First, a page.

Ethiopia is a country located in the Horn of Africa with neighboring countries being Djibouti in the East, Eritrea in the North, Sudan in the West, South Sudan in the South West, Kenya in the South, Somalia & Somaliland in the South East.
Ethiopian’s population of 97 million is growing by almost 2.7% a year.
Amharic, a Semitic language related to Hebrew and Arabic, is the official national language and is used in commerce and administration. It and Tigrinya are written in a Sabian script. Oromifaa is written in a Latin script. Somali, Guaragunga, Afar and more than 83 other tongues are spoken in Ethiopia.
All citizens require a valid passport to enter Ethiopia. Validity must be at least 6 months from entry date into Ethiopia and must include empty visa pages.
Visitors’ Visas can be obtained through the nearest Ethiopian Embassy and it takes about 10 days to be obtained, while you can also decide to get it on arrival in Addis airport (Currently fee of US$50.00) for a single entry one month visa (subject to change). Visa regulations may change without prior notice and Image Ethiopia is not responsible for such changes or any repercussions resulting from them. Tourist visas can be obtained upon arrival at Bole international airport to foreign nationals coming from and who are permanent residents of the the following countries: Australia, Austria, Belgium, Brazil, Canada, China, Denmark, Finland, France, Germany, Greece, Ireland, Israel, Italy, Japan, Korea, , Luxembourg, Mexico, The Netherlands, Poland, Portugal, Russia, South Africa, Spain, Sweden, the UK, the USA and all other European Union nations.
Foreign currency is rarely used in Ethiopia; instead you’ll be paying for most hotels, tours and food with Ethiopian currency. Current rate of exchange (Feb 2018) is $1.00=27.60 Birr (Ethiopian Birr (ETB)) and 1EURO = 33,- Birr. We suggest travelers should only change small quantities, to suit immediate needs, because of the difficulty in converting the remaining Ethiopian Birr to Dollars at the end of the trip.
Ethiopia has one time zone which is 3 hours ahead of Greenwich Mean Time. As Ethiopia is located near the equator, day and night times are almost equal.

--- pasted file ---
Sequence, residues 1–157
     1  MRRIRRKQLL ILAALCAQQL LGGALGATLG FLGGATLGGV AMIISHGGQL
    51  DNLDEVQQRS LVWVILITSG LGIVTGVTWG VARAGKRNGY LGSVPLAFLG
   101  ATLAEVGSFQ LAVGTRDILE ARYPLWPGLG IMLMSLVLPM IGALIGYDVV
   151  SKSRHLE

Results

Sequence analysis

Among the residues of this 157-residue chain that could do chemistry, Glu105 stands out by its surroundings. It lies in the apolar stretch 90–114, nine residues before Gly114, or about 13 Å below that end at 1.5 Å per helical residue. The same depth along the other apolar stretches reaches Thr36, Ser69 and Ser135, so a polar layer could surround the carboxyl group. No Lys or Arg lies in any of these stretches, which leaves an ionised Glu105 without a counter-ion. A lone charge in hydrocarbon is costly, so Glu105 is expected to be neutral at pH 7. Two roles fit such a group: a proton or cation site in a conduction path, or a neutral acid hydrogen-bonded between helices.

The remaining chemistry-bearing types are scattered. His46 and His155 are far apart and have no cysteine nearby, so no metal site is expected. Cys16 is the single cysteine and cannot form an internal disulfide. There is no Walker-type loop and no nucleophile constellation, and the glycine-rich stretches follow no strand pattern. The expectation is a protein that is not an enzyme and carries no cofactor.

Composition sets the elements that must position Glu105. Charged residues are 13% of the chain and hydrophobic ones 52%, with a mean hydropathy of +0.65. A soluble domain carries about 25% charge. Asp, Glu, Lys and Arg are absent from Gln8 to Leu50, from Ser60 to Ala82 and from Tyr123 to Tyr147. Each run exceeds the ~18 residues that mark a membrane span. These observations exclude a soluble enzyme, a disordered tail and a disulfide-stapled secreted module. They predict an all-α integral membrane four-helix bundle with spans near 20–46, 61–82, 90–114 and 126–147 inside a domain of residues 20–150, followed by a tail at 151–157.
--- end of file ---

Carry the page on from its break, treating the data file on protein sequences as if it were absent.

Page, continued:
Visitors to Ethiopia are recommended (but not required) to
* Be in possession of valid yellow fever vaccination certificate. Immunization for Hepatitis A and B, Typhoid and Polio.
* Malaria: in many sites malaria is not a problem but we suggest you take all the precautions. Chloroquine resistant strains have been identified in some areas so you should consult your doctor about the prescription. Alternatively, you can keep mosquitoes and other insects at bay with repellent creams and sprays.
* Visitors should take a simple first aid pack, which would include: different size plasters, antiseptic cream, anti-histamine cream and/or tablets for insect bites, sun barrier cream and anti diarrhea tablets. Generally, visitors should take out standard holiday health insurance in their home countries.
Image Ethiopia Tour and Travel plc assumes no responsibility for medical care.
Medical & Accidental Insurance
It is extremely advisable to purchase good coverage of accident/medical insurance, to cover any required hospitalization or sickness, while in Ethiopia as well as trip interruptions and cancelations.
Climate & Safety
The rainy season is normally from June to September but it is very common for the Sun to shine even during the rainy season. Some irregular showers fall from February to June. In the good travel season (October to February), temperatures range 20-28°C during the daytime and drops to below 20’s in the evenings and is usually a dry time of the year. If you visit the Omo Valley, be advised that it can get hotter.
Crime and Safety
In general, Ethiopia is much safer than Westerners might expect. Ethiopian people are friendly. Ethiopia is still a low-crime country.
The best known Ethiopian cuisine consists of various vegetable or meat side dishes and entrees, usually a thick stew, served atop injera, a large sourdough flatbread made of Teff flour. One does not eat with utensils, but instead uses injera to scoop up the entrees and side dishes. Tihlo prepared from roasted barley flour is very popular in Agame, and Awlaelo (Tigrai).
Traditional Ethiopian cuisine employs no pork or shellfish of any kind, as they are forbidden in the Islamic, Jewish, and Ethiopian Orthodox Christian faiths. It is also very common to eat from the same small dish in the center of the table with a group of people. In the morning they drink tea and bread, and buttermilk.
About 45% of the population belongs to the Ethiopian Orthodox Church, a leading influence in the culture since the fourth century. Indeed, Ethiopian Christians stress that while Christianity was introduced by European colonizers in other African countries, it was adopted by Ethiopian rulers in A.D. 333 – before many Western nations were exposed to it. Muslims account for 35% of the population and the country accepted Islam in the 7th C. Other Ethiopians follows traditional religious beliefs that stress a reverence for all living things.